Tue Nov 18 11:10am EST
I had to cringe last weekend when I read Phil Mushnick's column about the attendance problems that some NBA teams are having. He reports that at a recent New York-Memphis game in Tennessee, an eyewitness said there were only about 4,000 people in the stands to see the two teams play. Mushnick also believes that by next spring we will be hearing/seeing stories about how some NBA (and NHL) teams are close to suspending operations because of larger financial troubles.
I wish I could refute his thinking, but, I actually agree with him.
I have watched NBA games throughout my entire life and I don't ever remember seeing this many empty seats in arenas all over the league. I've covered several games in Orlando during the early part of the season, and there are always plenty of good seats to be had. What surprises me more than anything, though, is the general lack of enthusiasm from some of the crowds. For the most part, the crowds I've seen at Magic games are flatter than a pancake. Sure, there are some exciting moments, and, if asked, the fans are usually willing to get out of their seats and cheer. But, if it wasn't for the noise blaring from the speaker system, you would be able to hear Stan Van Gundy barking out orders on almost every possession.
The scary part for David Stern and company is that Orlando has a booming fan-base compared to that of the Sixers and Grizzlies. Those teams rank 28th and 30th, respectively, on the NBA's attendance list. The Grizzlies have been bad for several years now, but the Sixers have a young team, that added Elton Brand in the off-season, so why are they struggling so badly to draw a crowd?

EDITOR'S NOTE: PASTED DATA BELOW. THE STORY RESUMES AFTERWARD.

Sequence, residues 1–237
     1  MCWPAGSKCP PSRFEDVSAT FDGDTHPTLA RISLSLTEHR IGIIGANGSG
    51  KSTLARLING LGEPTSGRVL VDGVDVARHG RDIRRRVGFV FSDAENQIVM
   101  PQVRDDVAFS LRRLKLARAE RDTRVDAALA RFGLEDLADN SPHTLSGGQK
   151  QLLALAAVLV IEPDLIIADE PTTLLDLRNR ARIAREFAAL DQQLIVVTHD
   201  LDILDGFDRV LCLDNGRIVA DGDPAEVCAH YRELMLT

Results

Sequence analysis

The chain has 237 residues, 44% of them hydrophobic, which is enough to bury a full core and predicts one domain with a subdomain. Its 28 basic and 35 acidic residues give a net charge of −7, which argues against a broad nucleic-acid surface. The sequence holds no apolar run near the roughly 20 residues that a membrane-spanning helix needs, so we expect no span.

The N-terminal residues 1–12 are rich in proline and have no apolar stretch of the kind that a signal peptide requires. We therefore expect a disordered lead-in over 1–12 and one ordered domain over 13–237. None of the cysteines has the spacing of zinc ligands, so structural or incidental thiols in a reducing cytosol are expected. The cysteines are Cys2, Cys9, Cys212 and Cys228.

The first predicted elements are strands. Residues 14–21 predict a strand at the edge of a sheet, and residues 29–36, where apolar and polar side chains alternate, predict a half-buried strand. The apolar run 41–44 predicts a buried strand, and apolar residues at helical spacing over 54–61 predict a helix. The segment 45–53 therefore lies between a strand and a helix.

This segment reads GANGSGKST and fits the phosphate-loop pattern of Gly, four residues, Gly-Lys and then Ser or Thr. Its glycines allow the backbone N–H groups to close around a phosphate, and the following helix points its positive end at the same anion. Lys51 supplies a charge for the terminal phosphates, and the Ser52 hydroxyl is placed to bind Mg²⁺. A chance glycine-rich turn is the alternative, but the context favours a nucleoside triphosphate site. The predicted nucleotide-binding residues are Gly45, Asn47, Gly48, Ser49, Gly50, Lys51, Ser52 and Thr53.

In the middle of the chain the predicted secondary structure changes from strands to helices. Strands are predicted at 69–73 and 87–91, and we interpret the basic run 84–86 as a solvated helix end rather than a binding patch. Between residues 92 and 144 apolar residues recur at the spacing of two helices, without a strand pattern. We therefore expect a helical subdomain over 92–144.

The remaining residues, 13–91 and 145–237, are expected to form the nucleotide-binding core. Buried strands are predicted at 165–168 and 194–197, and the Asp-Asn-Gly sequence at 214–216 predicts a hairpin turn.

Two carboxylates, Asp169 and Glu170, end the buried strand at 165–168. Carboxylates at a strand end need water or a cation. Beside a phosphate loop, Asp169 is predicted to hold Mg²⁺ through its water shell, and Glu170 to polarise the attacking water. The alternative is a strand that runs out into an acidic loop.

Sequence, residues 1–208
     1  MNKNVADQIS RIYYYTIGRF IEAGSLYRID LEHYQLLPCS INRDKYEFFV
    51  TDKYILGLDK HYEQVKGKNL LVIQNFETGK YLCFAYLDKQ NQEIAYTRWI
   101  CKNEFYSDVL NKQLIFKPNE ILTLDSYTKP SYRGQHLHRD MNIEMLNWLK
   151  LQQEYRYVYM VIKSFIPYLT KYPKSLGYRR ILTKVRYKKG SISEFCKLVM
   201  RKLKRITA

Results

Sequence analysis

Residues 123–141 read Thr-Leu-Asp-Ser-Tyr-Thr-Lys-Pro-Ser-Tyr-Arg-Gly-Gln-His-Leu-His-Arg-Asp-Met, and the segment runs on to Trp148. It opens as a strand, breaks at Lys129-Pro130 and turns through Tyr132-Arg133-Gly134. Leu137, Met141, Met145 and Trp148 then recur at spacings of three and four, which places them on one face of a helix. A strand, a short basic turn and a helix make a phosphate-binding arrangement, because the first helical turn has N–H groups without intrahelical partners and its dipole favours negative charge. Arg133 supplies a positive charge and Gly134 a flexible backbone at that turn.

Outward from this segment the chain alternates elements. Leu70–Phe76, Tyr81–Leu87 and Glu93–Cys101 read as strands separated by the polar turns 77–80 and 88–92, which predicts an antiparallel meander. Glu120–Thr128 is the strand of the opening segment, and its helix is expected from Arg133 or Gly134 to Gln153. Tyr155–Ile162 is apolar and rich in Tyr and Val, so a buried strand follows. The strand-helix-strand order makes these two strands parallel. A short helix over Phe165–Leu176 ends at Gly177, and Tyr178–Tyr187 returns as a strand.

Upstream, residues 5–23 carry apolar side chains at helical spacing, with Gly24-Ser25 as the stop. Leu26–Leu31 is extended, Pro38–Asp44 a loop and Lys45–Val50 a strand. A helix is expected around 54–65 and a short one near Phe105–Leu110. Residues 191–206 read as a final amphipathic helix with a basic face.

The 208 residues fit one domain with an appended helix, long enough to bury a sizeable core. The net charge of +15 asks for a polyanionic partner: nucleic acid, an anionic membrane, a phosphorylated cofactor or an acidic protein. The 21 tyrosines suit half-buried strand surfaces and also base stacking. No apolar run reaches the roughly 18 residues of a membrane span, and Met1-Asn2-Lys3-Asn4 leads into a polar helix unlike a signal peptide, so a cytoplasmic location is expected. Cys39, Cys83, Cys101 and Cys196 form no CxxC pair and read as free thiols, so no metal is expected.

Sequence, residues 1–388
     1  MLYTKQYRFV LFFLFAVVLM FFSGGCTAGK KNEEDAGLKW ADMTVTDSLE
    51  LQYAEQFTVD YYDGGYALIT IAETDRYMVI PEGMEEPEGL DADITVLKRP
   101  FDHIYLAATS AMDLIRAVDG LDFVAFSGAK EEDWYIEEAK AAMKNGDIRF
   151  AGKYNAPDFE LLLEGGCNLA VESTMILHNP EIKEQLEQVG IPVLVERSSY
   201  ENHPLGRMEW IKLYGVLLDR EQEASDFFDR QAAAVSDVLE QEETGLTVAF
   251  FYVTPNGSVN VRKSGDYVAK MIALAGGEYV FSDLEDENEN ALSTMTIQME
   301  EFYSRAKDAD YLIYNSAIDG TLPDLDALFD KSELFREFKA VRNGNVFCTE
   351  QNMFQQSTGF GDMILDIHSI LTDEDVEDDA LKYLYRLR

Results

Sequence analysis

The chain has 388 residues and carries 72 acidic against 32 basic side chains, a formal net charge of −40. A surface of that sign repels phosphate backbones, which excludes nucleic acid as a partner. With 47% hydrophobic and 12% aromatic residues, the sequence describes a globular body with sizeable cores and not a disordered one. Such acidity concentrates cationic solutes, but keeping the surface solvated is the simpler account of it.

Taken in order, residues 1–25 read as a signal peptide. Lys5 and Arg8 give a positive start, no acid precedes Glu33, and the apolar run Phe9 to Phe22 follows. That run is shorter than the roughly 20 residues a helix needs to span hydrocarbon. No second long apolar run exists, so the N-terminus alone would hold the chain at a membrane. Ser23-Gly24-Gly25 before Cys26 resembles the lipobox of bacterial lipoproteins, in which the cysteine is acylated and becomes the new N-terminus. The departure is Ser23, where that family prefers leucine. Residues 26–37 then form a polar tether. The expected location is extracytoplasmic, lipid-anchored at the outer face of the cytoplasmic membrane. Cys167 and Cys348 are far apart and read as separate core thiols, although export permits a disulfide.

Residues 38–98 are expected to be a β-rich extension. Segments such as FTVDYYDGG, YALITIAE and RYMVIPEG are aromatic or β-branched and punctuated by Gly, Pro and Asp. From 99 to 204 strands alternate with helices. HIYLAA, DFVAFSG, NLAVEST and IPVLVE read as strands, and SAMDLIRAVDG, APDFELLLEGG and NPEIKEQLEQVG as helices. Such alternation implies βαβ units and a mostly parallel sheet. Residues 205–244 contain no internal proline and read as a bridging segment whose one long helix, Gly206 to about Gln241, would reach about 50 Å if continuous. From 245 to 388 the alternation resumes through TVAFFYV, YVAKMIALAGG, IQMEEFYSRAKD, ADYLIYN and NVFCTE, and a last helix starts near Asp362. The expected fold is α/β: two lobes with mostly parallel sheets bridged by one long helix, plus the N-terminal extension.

The financial crisis has had an impact on all professional sports teams in some way, but it sure feels like the NBA may have been hit harder than anyone over the last couple of years. Just two seasons ago, the league broke its own attendance record ... now you read stuff like Mushnick's column.
When you look at the attendance figures one thing is clear: fans want to see a winner. The Magic (ranked 20th, after six home dates) are the only team in the bottom third of the chart that has a winning record. Winning would cure a lot of teams' concerns, but I don't think that is the overriding problem.
I just think the NBA game has gotten stale in a lot of markets.
When I go to games, even ones that are packed in other cities, I don't see a lot of fans decked out in their team's gear, I see a lot of yuppie businessmen who have decided that the NBA game is the place to be seen. They could care less what happens on the court, as long as they can glad-hand the rest of the "important" people.
David Stern's not an idiot, he can see all of this. That's why if I were the commish, I would do exactly what Jerry Colangelo did when he was trying to figure out how to re-create the U.S.A. basketball team. The former Suns' executive rounded up a panel of basketball legends to brainstorm ideas on how to turn the national program around. The foundation of the Americans gold medal winning performance in Beijing was laid at that meeting.
While Stern would certainly face a much larger task, the input from a panel of NBA experts: players, coaches, marketing people, etc. couldn't hurt. The league has got to find a way to get more fans interested in the game, because if they don't, a few thousand empty seats are going to become the least of its worries.